Background Within the challenging healthcare environment are nurses, patients, and patients’ families. Families want proximity to their loved ones, but the benefits of such proximity depend on patients’ conditions and family-patient dynamics.

Objectives To describe patients’ preferences for family visiting in an intensive care unit and a complex care medical unit.

Methods Sixty-two patients participated in a structured interview that assessed patients’ preferences for visiting, stressors and benefits of visiting, and patients’ perceived satisfaction with hospital guidelines for visiting.

Results Patients in both units rated visiting as a nonstressful experience because visitors offered moderate levels of reassurance, comfort, and calming. Patients in the intensive care unit worried more about their families than did patients in the complex care medical unit but valued the fact that visitors could interpret information for the patients while providing information to assist the nurse in understanding the patients. Patients in the intensive care unit were more satisfied with visiting practices than were patients in the complex care medical unit, although both groups preferred visits of 35 to 55 minutes, 3 to 4 times a day, and with usually no more than 3 visitors.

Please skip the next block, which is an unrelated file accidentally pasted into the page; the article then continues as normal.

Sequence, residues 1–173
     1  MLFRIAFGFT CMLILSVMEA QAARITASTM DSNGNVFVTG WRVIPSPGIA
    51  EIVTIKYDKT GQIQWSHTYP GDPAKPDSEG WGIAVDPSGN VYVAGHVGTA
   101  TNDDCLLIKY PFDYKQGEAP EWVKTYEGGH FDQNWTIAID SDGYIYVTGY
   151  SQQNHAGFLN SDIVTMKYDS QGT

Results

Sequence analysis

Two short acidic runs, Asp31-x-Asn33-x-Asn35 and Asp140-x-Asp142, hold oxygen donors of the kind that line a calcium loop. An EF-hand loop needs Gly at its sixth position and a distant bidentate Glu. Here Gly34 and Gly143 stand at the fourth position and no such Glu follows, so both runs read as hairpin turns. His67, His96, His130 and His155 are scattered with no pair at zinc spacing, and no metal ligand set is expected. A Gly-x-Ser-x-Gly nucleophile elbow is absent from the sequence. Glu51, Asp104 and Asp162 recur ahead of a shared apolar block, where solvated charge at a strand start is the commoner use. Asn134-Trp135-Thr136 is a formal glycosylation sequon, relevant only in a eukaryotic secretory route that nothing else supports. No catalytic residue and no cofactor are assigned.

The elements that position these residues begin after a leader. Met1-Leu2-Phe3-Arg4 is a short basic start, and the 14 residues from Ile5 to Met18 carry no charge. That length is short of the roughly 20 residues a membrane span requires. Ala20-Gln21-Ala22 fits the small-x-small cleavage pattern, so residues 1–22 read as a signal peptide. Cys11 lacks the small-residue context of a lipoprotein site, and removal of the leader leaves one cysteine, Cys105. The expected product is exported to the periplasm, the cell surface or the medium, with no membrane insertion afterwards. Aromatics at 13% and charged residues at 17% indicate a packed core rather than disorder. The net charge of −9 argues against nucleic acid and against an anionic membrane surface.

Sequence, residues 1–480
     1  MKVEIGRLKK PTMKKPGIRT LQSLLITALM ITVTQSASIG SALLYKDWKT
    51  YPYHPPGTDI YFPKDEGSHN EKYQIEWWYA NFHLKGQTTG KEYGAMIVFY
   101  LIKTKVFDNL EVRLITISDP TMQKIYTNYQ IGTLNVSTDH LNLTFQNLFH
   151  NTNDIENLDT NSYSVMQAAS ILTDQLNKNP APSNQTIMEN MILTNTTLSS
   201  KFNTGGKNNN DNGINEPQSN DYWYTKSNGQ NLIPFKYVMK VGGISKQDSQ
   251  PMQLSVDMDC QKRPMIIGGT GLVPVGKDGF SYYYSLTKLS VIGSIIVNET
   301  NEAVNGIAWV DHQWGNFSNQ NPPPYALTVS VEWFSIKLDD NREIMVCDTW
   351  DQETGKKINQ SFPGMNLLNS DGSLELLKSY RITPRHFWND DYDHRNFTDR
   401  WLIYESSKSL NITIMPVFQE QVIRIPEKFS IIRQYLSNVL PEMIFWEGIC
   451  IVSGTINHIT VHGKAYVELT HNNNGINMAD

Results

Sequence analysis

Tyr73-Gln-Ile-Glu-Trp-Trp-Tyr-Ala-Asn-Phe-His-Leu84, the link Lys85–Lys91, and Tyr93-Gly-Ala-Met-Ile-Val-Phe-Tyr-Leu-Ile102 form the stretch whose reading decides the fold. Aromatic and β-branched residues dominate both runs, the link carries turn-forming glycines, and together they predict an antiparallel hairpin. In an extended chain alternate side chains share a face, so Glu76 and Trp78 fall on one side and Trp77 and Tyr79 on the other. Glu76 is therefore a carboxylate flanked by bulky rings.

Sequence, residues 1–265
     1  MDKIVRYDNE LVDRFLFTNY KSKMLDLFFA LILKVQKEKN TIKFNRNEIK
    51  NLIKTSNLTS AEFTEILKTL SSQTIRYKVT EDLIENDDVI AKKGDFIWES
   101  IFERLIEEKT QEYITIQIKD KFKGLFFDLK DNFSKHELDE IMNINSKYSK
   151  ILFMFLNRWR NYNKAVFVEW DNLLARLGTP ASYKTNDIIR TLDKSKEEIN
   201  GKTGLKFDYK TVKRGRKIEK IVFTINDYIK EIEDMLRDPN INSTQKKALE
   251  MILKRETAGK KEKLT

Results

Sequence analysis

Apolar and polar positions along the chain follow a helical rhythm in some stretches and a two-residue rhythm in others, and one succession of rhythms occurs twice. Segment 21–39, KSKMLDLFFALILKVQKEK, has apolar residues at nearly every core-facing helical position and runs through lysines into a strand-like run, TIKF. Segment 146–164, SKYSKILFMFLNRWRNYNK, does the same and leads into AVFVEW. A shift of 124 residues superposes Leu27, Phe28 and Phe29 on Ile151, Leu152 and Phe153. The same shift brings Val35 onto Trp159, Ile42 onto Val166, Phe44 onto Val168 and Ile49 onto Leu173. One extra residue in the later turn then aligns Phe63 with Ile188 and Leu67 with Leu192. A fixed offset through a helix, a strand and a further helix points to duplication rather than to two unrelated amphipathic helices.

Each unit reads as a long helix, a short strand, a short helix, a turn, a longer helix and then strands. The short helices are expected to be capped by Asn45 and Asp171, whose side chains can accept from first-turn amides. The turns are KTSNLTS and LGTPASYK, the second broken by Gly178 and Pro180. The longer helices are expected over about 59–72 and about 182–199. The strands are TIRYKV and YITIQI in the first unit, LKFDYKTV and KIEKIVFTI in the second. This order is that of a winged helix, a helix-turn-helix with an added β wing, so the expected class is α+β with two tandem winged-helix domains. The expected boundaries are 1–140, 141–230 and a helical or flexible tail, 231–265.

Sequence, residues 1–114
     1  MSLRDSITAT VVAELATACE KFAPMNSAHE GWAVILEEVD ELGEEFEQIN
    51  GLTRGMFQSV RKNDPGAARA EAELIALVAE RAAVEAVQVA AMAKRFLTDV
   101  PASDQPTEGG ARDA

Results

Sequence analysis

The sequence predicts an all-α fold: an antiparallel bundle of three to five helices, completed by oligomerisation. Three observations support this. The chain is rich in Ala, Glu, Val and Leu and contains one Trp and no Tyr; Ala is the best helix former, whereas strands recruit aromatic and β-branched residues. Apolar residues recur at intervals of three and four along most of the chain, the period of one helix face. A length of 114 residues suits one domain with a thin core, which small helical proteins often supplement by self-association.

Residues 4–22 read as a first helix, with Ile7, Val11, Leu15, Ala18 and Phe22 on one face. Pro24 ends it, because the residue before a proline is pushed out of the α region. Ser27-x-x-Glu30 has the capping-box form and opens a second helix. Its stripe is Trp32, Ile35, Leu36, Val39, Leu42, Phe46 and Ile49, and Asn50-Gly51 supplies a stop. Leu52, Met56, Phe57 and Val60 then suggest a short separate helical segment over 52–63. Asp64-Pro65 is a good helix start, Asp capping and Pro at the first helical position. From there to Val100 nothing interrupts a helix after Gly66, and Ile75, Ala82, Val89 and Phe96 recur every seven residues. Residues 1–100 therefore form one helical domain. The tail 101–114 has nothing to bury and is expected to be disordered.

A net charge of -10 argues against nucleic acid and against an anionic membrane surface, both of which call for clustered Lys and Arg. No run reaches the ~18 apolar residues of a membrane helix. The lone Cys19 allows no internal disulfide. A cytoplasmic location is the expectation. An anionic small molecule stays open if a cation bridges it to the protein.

Conclusions These data provide the input of patients in the ongoing discussion of visiting practices in both intensive care units and complex care medical units. Patients were very satisfied with a visiting guideline that is flexible enough to meet their needs and those of their family members.

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